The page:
The effects of glaucoma on the pressure-induced strain response of the human lamina cribrosa

Dan Midgett, Baiyun Liu, Yik Tung Tracy Ling, Joan L. Jefferys, Harry A. Quigley, Thao D. Nguyen

Research output: Contribution to journalArticlepeer-review

Abstract

PURPOSE. To measure the ex vivo pressure-induced strain response of the human optic nerve head and analyze for variations with glaucoma diagnosis and optic nerve axon damage. METHODS. The posterior sclera of 16 eyes from 8 diagnosed glaucoma donors and 10 eyes from 6 donors with no history of glaucoma were inflation tested between 5 and 45 mm Hg. The optic nerve from each donor was examined for degree of axon loss. The posterior volume of the lamina cribrosa (LC) was imaged with second harmonic generation and analyzed using volume correlation to calculate LC strains between 5 and 10 and 5 and 45 mm Hg. RESULTS. Eye length and LC area were larger in eyes diagnosed with glaucoma (P ≤ 0.03). Nasal-temporal EXX and circumferential Eθθ strains were lower in the LC of diagnosed glaucoma eyes at 10 mm Hg (P ≤ 0.05) and 45 mm Hg (P ≤ 0.07). EXX was smaller in the LC of glaucoma eyes with <25% axon loss compared with undamaged normal eyes (P = 0.01, 45 mm Hg). In general, the strains were larger in the peripheral than central LC. The ratio of the maximum principal strain Emax in the peripheral to central LC was larger in glaucoma eyes with >25% axon loss than in glaucoma eyes with milder damage (P = 0.004, 10 mm Hg). CONCLUSIONS. The stiffness of the LC pressure-strain response was greater in diagnosed glaucoma eyes and varied with glaucomatous axon damage. Lower LC strains in glaucoma eyes with milder damage may represent baseline biomechanical behavior that contributes to axon loss, whereas greater LC strain and altered radial LC strain variation in glaucoma eyes with more severe damage may be caused by glaucoma-related remodeling.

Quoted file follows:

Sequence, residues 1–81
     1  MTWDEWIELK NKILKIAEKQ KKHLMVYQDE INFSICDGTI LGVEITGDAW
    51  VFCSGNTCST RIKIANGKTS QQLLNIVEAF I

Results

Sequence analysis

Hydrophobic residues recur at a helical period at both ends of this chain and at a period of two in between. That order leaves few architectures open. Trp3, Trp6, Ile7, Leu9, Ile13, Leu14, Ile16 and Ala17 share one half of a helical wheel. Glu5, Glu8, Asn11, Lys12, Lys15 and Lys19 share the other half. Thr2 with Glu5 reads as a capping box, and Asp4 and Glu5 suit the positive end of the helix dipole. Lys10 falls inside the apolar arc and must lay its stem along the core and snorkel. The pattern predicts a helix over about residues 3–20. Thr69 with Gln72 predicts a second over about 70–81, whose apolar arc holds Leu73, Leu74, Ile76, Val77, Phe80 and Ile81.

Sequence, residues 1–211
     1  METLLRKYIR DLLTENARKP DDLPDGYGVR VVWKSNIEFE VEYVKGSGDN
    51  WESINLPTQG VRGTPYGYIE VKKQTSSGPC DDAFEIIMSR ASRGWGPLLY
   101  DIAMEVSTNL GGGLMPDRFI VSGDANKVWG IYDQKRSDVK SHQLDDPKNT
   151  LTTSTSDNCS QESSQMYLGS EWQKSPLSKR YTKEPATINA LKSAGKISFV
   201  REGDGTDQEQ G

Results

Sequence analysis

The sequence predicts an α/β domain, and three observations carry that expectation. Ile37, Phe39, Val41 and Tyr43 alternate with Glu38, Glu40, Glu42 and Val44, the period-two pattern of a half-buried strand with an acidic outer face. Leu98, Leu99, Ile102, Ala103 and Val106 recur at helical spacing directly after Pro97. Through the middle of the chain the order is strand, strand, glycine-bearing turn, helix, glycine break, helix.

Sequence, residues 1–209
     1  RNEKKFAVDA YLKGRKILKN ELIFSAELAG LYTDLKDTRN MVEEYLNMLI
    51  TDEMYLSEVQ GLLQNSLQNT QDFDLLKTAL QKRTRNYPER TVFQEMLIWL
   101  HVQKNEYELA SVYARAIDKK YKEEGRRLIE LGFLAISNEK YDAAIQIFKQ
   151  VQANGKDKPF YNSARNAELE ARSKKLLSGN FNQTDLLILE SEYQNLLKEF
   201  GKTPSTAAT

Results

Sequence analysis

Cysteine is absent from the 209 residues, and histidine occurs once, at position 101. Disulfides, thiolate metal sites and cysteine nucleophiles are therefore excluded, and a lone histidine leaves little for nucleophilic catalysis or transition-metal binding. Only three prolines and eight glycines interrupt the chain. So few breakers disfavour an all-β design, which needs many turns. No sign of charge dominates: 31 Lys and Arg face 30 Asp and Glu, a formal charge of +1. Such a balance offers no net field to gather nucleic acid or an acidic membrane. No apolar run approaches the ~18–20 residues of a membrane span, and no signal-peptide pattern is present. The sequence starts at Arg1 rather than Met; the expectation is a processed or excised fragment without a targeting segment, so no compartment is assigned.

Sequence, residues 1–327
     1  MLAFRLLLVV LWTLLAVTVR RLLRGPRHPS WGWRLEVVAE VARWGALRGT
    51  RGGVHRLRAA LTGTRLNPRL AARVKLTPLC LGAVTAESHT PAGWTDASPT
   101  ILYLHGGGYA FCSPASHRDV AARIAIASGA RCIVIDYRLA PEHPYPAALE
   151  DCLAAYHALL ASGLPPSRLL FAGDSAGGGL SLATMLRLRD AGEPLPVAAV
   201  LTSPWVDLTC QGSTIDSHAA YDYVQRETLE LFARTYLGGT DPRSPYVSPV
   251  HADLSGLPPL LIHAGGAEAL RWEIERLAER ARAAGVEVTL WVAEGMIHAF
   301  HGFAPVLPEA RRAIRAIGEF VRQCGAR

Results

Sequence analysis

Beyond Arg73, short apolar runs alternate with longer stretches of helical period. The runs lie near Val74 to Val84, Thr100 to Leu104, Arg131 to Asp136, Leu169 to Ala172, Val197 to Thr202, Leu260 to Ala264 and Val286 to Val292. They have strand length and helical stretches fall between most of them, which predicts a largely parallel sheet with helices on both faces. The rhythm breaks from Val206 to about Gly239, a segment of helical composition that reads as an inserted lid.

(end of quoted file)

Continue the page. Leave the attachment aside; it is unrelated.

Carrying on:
Original languageEnglish (US)
Article number41
JournalInvestigative Ophthalmology and Visual Science
Volume61
Issue number4
DOIs
StatePublished - Apr 2020

Keywords

  • Biomechanics
  • Glaucoma
  • Intraocular pressure
  • Lamina cribrosa
  • Optic nerve head

ASJC Scopus subject areas

  • Ophthalmology
  • Sensory Systems
  • Cellular and Molecular Neuroscience

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